Even if Avowed won't be a Bethesda-sized adventure, it certainly looks like a good time. The trailer shown at the Xbox Games Showcase depicts a weird, vibrant and colourful world, and I particularly like the look of its magic spells. They feel more involved and impactful than Skyrim's magic. In our exclusive interview with Obsidian, game director Carrie Patel touted the quality of Avowed's combat, which also gets a major spotlight in the trailer. That has me excited to explore this world, however big it ends up being.

When we saw it: Starfield Direct
Developer: Bethesda Game Studios

Christopher Livingston: It's safe to say we don't need to know anything else about Starfield until it actually launches in September: the 45-minute look at Bethesda's space RPG we got on Sunday was pretty darn comprehensive, leisurely covering everything from character creation to companions to planetary exploration to sandwich heists

And while not everyone at PC Gamer is convinced, I think Starfield looks like one heck of a space sandbox where you can customize a ship, build a base, collect a bunch of followers and crew members, and just start exploring the 1000+ planets, blissfully ignoring the main quest for a couple hundred hours. Bethesda's quest-writing isn't consistently strong, but it's always excelled at creating big open worlds that don't force you down any particular path. I'm not all that interested in solving the mysteries of the universe, but become a space pirate? A trader? A smuggler? A documenter of alien species? That'll keep me plenty busy.

7 hidden gems that we think could be big

Back at the PC Gaming Show in 2020 we debuted a modest-looking viking survival game from a small independent studio in Sweden. A year later, Valheim was our game of the year. What under-the-radar announcement from the last week has the best chance of being a breakout hit?

Mariachi Legends
Where we saw it: PC Gaming Show
Steam page

Joshua Wolens: This 2D action platformer looks like a potent cocktail, mixing Japanese games and Mexican culture to produce a Ninja Gaiden-esque experience about a detective who makes a deal with Death. It looks downright sumptuous in its trailer: Turns out that noirish Dia de los Muertos aesthetics translate incredibly to a Castlevania-style side-scroller, and the discordant, chirpy Japanese voice over from Lady Death herself meshes weirdly well, too.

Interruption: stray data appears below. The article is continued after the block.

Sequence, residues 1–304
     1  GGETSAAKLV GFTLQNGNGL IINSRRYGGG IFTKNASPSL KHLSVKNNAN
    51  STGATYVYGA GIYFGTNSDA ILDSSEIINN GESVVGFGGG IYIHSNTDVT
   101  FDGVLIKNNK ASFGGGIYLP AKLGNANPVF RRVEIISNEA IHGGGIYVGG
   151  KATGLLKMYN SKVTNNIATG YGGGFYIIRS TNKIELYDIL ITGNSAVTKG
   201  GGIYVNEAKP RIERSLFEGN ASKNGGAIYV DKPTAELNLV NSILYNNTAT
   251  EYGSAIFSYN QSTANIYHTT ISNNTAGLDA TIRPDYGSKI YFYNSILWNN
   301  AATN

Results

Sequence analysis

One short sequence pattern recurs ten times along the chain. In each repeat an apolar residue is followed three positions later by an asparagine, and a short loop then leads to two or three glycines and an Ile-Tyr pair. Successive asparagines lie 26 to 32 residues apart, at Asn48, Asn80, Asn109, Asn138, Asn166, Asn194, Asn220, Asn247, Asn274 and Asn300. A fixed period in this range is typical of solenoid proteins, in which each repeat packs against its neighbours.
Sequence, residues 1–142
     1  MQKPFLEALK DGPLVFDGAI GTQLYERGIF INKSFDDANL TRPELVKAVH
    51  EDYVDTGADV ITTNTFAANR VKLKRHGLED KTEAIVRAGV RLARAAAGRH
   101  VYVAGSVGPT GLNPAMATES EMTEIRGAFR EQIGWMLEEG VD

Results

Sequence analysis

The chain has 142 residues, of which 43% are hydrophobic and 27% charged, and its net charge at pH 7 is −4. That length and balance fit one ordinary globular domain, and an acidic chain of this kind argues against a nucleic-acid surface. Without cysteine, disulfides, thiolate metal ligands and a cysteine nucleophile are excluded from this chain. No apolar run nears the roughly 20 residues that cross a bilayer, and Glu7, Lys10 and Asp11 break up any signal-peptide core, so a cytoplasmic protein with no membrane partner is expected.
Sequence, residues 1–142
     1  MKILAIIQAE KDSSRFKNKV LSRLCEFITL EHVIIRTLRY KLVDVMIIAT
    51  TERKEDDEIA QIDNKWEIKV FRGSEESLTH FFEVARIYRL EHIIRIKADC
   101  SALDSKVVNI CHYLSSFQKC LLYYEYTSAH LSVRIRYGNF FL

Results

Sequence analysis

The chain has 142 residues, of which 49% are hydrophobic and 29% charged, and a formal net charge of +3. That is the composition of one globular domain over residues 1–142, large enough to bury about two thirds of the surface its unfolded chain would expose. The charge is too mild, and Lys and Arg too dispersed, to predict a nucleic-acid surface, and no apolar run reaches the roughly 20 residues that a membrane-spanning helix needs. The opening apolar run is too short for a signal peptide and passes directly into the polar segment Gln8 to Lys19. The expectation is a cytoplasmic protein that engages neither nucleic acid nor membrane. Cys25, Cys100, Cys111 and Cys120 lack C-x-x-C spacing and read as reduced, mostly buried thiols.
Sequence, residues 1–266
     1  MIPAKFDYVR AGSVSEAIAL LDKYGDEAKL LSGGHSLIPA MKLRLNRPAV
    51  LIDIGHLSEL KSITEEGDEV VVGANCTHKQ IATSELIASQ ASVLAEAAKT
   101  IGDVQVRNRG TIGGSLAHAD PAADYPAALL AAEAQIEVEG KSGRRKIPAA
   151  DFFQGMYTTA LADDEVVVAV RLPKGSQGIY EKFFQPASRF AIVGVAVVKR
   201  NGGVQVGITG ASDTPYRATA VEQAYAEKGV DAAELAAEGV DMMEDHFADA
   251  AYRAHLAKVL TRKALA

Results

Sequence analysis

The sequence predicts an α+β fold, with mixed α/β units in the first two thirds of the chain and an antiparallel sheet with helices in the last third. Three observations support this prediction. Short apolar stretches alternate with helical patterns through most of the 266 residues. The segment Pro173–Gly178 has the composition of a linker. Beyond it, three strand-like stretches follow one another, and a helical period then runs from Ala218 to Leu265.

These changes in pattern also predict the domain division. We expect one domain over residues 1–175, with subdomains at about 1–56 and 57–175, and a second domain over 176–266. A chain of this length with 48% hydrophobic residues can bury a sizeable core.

So far, the Guadalajara-based dev team is emphasising fast-paced combat, sprawling levels, and "the wonderful, spicy world of Mexican cuisine" in Mariachi Legends. What do you know? Someone finally made a game with all three of my key requirements.

Sand Land characters

(Image credit: Bandai Namco Entertainment)

Sand Land
Where we saw it: SGF
Steam page

Wes Fenlon: How cool is it that Bandai Namco decided to make a whole action-RPG out of how much Akira Toriyama loves drawing vehicles? This adaptation of a lesser-known manga from the father of Dragon Ball looks like it has a surprisingly decent budget behind it, with a great cartoon art style, a big open desert to explore and tanks and buggies to customize. It probably won't outdo Mad Max on the car action front, but it's cute! More Akira Toriyama games that aren't retelling the Dragon Ball Z story again for the millionth time, please.

Stampede: Racing Royale
Where we saw it: PC Gaming Show
Steam page

Joshua Wolens: For a few weeks in 2020, Fall Guys was all anyone was talking about and playing, and now someone's gone and thrown cars into the formula. Stampede: Racing Royale comes from Sumo Leamington—an offshoot of the studio behind the really quite excellent Sonic & All-Stars Racing—and dares to ask "What if you turned Mario Kart into a 60-player battle royale?" The game has two modes: Battles and Races, and all sorts of customisation options to bedeck your doomed racers in. It's an idea with potential from a studio with the bonafides to pull it off, so I'll be watching this one with interest as it goes through development.